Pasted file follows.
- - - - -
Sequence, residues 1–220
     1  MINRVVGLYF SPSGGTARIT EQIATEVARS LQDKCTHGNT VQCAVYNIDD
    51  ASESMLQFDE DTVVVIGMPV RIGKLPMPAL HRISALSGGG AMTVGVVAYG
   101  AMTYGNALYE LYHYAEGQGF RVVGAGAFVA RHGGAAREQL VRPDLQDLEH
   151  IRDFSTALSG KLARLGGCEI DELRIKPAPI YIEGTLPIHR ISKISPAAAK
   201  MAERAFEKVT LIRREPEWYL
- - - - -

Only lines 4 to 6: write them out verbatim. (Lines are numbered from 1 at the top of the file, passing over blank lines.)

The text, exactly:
   101  AMTYGNALYE LYHYAEGQGF RVVGAGAFVA RHGGAAREQL VRPDLQDLEH
   151  IRDFSTALSG KLARLGGCEI DELRIKPAPI YIEGTLPIHR ISKISPAAAK
   201  MAERAFEKVT LIRREPEWYL